I can never forget when I saw ''Carmen Jones'' under conditions that the French Surrealists would have envied...I saw a DVD where the dialogue scenes were dubbed in Korean and the songs were in English and we had helpful subtitles for both running throughout the film. Amazingly the film worked with sincerity rather than a camp piece and it's one of my favourites of his works. Laurence Olivier liked that film too and cited it as his reason for his keanness for working with Otto on ''Bunny Lake is Missing'' only to be disillusioned by commenting that it almost made him lose his admiration for Carmen Jones.

My recent favourite of his films is THE CARDINAL, the only truly intellectual film that analyses the Church as a wholly political organization.

Just to chip in to the Marianne Faithfull worship, her intense powerful renditions of the Brecht-Weill catalogue on her album ''20th Century Blues'' were my introduction into all things B.B. Once you hear her chantings of ''Mack the Knife'', Bobby Darrin's tunes will be totally obliterated as charlatans always are under the glare of the real thing.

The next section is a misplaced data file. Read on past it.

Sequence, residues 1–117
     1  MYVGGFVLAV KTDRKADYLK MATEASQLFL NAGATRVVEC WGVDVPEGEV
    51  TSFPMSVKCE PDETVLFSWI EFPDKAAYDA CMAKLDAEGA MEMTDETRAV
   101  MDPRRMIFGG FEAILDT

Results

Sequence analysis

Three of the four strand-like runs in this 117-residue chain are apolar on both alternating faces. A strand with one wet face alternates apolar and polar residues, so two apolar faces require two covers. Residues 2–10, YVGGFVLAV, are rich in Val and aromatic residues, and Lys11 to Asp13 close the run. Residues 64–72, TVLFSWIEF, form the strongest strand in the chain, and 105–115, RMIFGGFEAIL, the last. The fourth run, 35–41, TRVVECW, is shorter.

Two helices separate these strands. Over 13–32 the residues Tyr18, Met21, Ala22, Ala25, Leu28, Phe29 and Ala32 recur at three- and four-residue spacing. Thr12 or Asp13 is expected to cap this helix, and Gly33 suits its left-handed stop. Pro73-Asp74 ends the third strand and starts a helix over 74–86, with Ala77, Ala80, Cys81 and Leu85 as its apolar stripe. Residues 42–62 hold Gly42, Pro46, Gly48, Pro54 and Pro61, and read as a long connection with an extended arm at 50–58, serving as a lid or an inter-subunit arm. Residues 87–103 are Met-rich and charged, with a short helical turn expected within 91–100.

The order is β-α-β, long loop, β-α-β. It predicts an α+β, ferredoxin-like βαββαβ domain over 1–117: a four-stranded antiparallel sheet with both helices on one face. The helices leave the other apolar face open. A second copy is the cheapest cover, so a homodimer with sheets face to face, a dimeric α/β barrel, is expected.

Vertigo's Psycho said...

Found a great Mike Wallace interview with Seberg from January of 1958, just before the release of Tristesse:

http://www.hrc.utexas.edu/multimedia/video/2008/wallace/seberg_jean.html

Wallace asks his characteristically tough questions, and the composed nineteen-year-old gives back with some remarkably intelligent, perceptive and honest observations (I especially love her "a silly sort of pride" comment regarding her refusal to quit her career and go back to Marshalltown, Ohio if Tristesse proves to be a failure). You can tell Seberg's earned a large measure of respect from Wallace by the end of the interview.

On an unrelated point, Seberg looks absolutely stunning throughout the interview.

Yojimboen said...

“Weird. I just became aware of Cheri a few days ago and here it is. Mlle. Pfeiffer as Lea? Mais non. Have the movies ever done right by Colette?”

Mais oui, mon ami, and this one comes as close as any I’ve seen in English. (The 1949 French non-musical of Gigi - with the other DD, Danièle Delorme - is still my fave.)

But Chéri is remarkable in other ways, mainly as an example of how not to sell a film. Despite Frears’s success with The Queen, Miramax decided not praise Chéri, but to bury her. Given a mid-year (“limited”) release, it was forgotten by year’s end nomination time; not a single Oscar or Golden Globe nod – which, depending where you sit, was either sad or a goddamn outrage. The Art Direction (Alan MacDonald) and, especially, the Costume Design (by Consolata Boyle – her 6th film with Frears) were IMO far, far and away the best of the year. But if your distributor doesn’t push the movie, not enough people see it.